The Dow and S&P 500 edged lower on Wednesday due to uncertainty about when Congress might approve a proposed $700 billion financial sector bailout.
Fear that congressional wrangling could delay or weaken the plan to mop up bad mortgage debt from banks' balance sheets kept stocks in check throughout the day.
The Dow and S&P declined for the third consecutive day. However, the Nasdaq held on to slender gains on hopes that technology spending would increase once a version of the bailout plan becomes law.
Federal Reserve Chairman Ben Bernanke urged Joint Economic Committee of Congress to pass the bailout, saying delay would keep lenders from extending credit to households and businesses.
The Dow Jones industrial average was down 29.00 points, or 0.27%, at 10,825.17.
Standard & Poor's 500 Index was down 2.35 points, or 0.2%, at 1,185.87. The Nasdaq Composite Index was up 2.35 points, or 0.11%, at 2,155.68.
About 1.08 billion shares changed hands on the New York Stock Exchange - well below last year's estimated daily average of roughly 1.90 billion.
About 1.81 billion shares were traded on the Nasdaq, also below last year's daily average of 2.17 billion.
Crude oil prices have dipped after the US government reported a sharp drop in consumption.
New York's main contract, light sweet crude for November delivery, fell 88 cents a barrel to close at $US105.73.
The FTSEurofirst 300 index of top European shares closed 0.63% lower at 1,101.60 points, falling for the third consecutive session. Mining and energy shares were among the biggest losers.
In Frankfurt, the DAX index ended at 6052.87 points, down 15.66 or 0.26%. In Paris, the CAC-40 index closed at 4114.54 points, down 25.28 or 0.61%.
The Swiss market index closed at 6780.34 points, down 25.19 or 0.37%.
In Britain, the FTSE 100 closed down 40.6 points, or 0.8% at 5,095.6, after losing 1.9% on Tuesday. Trading was thin. The index is down 21% this year to date.
Euro zone government debt rose as weakening business morale in Germany, France and Italy offered more evidence that the region is sinking into recession and could lead the European Central Bank to cut interest rates in the future.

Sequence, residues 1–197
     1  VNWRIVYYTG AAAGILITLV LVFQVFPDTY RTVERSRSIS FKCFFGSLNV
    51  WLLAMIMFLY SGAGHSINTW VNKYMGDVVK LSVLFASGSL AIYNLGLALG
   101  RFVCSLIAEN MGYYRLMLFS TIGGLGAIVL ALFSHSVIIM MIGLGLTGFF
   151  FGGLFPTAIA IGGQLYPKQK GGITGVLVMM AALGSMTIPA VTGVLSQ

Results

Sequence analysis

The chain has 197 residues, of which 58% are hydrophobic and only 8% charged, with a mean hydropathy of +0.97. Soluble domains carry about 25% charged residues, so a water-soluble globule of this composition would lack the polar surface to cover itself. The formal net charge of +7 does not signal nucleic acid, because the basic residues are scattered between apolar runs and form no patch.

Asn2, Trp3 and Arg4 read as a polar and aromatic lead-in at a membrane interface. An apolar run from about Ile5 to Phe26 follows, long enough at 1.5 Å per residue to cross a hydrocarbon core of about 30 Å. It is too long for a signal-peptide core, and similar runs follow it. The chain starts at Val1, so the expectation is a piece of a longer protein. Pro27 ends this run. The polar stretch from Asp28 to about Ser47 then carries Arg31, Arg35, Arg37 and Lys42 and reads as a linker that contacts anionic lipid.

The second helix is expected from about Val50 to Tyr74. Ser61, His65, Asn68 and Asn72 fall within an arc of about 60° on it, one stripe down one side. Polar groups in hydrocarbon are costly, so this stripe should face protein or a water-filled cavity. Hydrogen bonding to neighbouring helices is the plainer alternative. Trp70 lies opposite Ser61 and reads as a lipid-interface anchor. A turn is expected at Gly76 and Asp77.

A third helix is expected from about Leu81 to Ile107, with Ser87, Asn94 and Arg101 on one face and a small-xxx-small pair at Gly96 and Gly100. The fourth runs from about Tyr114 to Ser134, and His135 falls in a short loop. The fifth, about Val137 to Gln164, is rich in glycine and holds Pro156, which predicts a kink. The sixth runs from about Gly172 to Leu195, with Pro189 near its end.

Shares rose in Asia on news of a $US5 billion investment in Goldman Sachs by billionaire Warren Buffett on Tuesday.
The Tokyo Stock Exchange's benchmark Nikkei-225 index rose 24.44 points to end at 12,115.03.
Hong Kong share prices closed 0.5% higher after strong early gains were wiped out by rumours of instability at the Bank of East Asia.
The benchmark Hang Seng Index closed up 89.14 points at 18,961.99. Turnover was light at HK$59.01 billion.
NZ & Australia
The New Zealand sharemarket rose 31 points to close at 3260 on turnover of $87 million on Wednesday.
Telecom was up 4 cents to $2.84, while Fletcher Building was up 9c to $7.39 and Contact Energy slid 10c to $8.50.
Kiwi Income Property Trust was down 4c to $1.18 after announcing that its property portfolio tumbled $51 million in value in the past six months, to just over $2 billion.
Austral Pacific was down 8c to 33c a share after announcing a review of its business.
In the currency markets: at 8.20am on Thursday, the New Zealand dollar was trading at US68.29 cents, 81.84 Australian cents, 36.96 pence, 72.42 yen and 0.4667 euro. The Trade Weighted Index was at 63.94.
The Australian sharemarket also closed higher, with the benchmark S&P/ASX200 index up 58.4 points, or 1.19%, to 4,981.9, while the broader All Ordinaries lifted 50.5 points, or 1.02%, to 5,008.2.
The price of gold in Sydney was $US888.90 per fine ounce, down $US1.80 on Tuesday's close of $US890.70.